Mike Brady: Beware the pitfalls of farm partnerships

A well thought-out exit strategy needs to be built into partnership models for farm businesses

Fragmented: Ireland has an exceptionally high number of farmers and a very low average farm size in comparion with the majority of EU countries
Fragmented: Ireland has an exceptionally high number of farmers and a very low average farm size in comparion with the majority of EU countries
Mike Brady

Mike Brady

Ireland has a very fragmented pattern of land ownership. The country has a total land area of 6.9m hectares of which 4.5m are used for agriculture. There are 137,500 farmers so the average farm size is just 32.4ha (80ac).

This small farm size has been cited by the Department of Agriculture Food and Marine (DAFM) as a barrier to the viability of our family farms.

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Farm Partnerships have been promoted as the solution to this structural problem. There are two main categories of Farm Partnerships operating in Ireland today.

Firstly, there are Registered Farm Partnerships whereby two farmers come together, sign a partnership agreement and register it with in the partnership office in Dublin. Entering such a partnership allows both farmers to retain their individual identity when it comes to EU grants and payments but operate as a partnership in every other way. There are individual Basic Payments, two GLAS payments and of course the double TAMS. There are also a selection of taxation benefits to incentivise the farmer follow the registered partnership path. But there are one set financial accounts.

Secondly, there are Non-Registered Farm Partnerships commonly known as Tax Partnerships. These partnerships exist primarily because they cannot meet the criteria to qualify as Registered Farm Partnerships.

However, the toxic mix of maximising grants/subsidies, and minimising taxation has made the decision-making process much more complicated for many farmers considering such arrangements.

The new trendy question in Irish agriculture is to ask a farmer, what's your farm business trading structure?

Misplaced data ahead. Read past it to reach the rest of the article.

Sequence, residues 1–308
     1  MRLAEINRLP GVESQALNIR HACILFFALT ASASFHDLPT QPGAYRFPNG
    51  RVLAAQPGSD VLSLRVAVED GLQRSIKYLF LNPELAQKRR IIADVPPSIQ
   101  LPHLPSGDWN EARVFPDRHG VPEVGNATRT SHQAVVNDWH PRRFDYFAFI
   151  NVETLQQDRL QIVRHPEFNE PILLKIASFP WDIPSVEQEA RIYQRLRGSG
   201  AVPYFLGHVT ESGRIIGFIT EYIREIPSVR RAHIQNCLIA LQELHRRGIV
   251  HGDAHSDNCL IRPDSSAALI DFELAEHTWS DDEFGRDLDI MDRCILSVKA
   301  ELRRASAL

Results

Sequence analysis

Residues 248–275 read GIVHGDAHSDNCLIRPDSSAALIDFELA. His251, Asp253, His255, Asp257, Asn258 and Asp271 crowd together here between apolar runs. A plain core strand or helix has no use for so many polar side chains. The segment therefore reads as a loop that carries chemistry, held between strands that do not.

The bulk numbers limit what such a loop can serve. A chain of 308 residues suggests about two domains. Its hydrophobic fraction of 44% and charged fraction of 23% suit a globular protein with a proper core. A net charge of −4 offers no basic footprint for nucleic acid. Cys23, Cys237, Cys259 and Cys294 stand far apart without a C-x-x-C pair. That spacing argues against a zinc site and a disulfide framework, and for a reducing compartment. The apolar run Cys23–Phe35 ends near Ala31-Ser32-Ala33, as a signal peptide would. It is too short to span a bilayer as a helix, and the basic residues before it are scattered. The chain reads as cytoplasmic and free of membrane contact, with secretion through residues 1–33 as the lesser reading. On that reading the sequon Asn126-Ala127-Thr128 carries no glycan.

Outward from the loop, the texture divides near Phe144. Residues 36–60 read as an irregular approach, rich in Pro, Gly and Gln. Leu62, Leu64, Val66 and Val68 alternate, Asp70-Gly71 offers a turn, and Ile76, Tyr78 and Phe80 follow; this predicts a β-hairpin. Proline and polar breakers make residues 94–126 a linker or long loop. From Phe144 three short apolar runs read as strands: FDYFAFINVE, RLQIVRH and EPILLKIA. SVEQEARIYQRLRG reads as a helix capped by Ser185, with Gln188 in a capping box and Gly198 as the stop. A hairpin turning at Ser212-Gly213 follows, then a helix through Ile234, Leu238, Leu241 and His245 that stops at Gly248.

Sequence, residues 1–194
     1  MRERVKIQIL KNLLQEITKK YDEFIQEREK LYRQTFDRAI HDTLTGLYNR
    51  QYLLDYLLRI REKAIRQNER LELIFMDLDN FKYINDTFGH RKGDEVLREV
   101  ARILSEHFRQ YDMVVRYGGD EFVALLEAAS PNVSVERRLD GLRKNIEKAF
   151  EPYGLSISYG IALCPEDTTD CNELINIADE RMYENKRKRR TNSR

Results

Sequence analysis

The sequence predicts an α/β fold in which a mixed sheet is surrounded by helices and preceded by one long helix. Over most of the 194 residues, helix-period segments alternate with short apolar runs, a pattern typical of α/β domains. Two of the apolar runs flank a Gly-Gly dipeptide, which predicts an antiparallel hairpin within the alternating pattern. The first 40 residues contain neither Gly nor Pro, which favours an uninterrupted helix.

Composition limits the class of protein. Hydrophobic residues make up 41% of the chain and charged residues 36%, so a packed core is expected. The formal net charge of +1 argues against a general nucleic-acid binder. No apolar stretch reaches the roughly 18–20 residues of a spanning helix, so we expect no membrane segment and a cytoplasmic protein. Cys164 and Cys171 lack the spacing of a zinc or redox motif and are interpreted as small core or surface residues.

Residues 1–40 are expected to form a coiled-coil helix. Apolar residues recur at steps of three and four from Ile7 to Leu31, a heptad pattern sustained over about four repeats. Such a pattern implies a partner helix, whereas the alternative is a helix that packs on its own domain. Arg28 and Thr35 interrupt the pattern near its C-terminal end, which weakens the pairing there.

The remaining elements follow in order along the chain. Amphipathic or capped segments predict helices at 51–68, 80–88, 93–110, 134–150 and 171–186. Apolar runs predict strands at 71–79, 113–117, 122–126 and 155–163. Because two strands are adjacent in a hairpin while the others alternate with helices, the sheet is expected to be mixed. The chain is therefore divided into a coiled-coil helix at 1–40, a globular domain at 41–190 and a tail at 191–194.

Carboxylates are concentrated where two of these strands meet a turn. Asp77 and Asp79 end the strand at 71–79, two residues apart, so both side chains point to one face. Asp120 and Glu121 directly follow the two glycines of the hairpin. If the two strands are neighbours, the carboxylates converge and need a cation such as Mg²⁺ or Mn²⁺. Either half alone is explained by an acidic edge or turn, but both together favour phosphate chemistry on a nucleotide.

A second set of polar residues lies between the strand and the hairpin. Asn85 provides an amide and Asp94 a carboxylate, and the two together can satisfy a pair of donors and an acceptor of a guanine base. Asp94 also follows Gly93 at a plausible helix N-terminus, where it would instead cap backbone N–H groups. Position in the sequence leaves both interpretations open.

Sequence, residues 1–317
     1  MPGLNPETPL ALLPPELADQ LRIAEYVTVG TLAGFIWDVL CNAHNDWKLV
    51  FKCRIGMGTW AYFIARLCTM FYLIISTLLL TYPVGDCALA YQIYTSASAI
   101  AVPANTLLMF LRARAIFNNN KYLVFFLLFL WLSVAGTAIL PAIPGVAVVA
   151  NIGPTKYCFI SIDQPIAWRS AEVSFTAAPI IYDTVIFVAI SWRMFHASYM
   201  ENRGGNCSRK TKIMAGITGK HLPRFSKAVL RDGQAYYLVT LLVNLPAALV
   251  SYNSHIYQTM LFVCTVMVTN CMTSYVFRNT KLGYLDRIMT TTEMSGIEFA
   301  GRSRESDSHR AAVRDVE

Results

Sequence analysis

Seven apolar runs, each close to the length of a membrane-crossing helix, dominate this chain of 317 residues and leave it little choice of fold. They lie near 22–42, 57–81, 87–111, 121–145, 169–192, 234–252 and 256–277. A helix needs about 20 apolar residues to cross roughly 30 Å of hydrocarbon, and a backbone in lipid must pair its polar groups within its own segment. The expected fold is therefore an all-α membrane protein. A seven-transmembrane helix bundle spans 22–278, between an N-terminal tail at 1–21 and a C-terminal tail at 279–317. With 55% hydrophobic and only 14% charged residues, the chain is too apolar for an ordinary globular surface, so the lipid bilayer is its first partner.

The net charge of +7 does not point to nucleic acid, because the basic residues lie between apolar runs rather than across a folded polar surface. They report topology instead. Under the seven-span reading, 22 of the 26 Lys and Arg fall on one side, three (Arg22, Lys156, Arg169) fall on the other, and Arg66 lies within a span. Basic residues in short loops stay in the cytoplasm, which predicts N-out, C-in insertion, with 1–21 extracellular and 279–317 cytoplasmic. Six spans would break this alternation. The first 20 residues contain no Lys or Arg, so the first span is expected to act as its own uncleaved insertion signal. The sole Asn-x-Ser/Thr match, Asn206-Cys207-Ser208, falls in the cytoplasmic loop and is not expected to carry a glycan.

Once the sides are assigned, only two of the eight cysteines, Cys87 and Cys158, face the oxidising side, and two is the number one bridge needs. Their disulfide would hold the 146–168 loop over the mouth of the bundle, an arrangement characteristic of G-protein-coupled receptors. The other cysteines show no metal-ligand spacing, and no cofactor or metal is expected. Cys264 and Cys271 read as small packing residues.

The business could be trading as:

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a sole trader

registered farm partnership

a tax partnership

a limited company

an unlimited company

a group structure or

a combination of the above. The combinations are endless.

Advisors

A whole new industry has developed around the creation, ongoing advice and dissolving of such trading structures. Agricultural consultants, taxation advisors, valuers and solicitors with this specialist agricultural knowledge are in high demand for such assignments.

Getting the best advice on maximising grants / subsidies and minimising tax is all very good, but farmers must not lose sight of the fact that the trading structure must be simple and easy to work on the ground in the day to day management of the farm business. One does not enter such an arrangement just to get a double grant on a new shed! Unfortunately this is the motivation for many farmers.

Poorly informed farmers run the risk of serious BPS penalties, loss of grants and taxation interest and penalties from poorly constructed or operated trading structures.

Many accountants and taxation advisors have poor knowledge of DAFM schemes / grants and many advisors have poor knowledge of trading structures and tax, this is a dangerous situation.

Every farmer should ask the question has my consultant/advisor ever met or spoken to my accountant?

In my experience the most important meeting for a farmer considering a new or change of trading structure is to get his consultant/advisor and accountant/tax consultant all in the one room to plan the set up.

It is vital that everybody is singing from the one hymn sheet from the beginning. You will also see which who is swimming without their shorts on when it comes to good experienced advice. Beware those ploughing a new furrow and using you as the guinea pig.

In my experience all trading structures and/or farm partnerships have a lifespan. What appears to be the perfect fit today may not be so in one, five, ten or 20 years-time, the arrangement will end one day. This fact has to be accepted and planned for from the start - knowing the exit strategy is the key to a successful arrangement.

The recent announcement of the proposed ceasing of the Greenfields Farm in Kilkenny illustrates this point. An exit strategy must now be implemented for the dissolution of an agreement ending long before its intended end date.

The Greenfields project run by Teagasc was truly an excellent project. It achieved what it set out to achieve by proving that a dairy farm could be set up and run profitably on leased land.

There have been many lessons learned by farmers, advisors and the industry as whole along the way. Perhaps the biggest learning is yet to come in the amicable dissolution of the farm business.

Solution

I am undecided if the focus on incentivising registered farm partnerships by DAFM is a solution to land fragmentation or a legal instrument that spawns complicated trading structures to maximise grants and minimise taxation.

From the very start of Registered Farm Partnerships the majority of the arrangements are family partnerships. Are these really resolving the land fragmentation issue?

Every farm business has its own set of individual criteria so it is vital that farmers entering a partnership gets the best of advice and has a good experienced team on his side.

Mike Brady is managing director at Brady Group agricultural consultants & land agents; email: mike@bradygroup.ie

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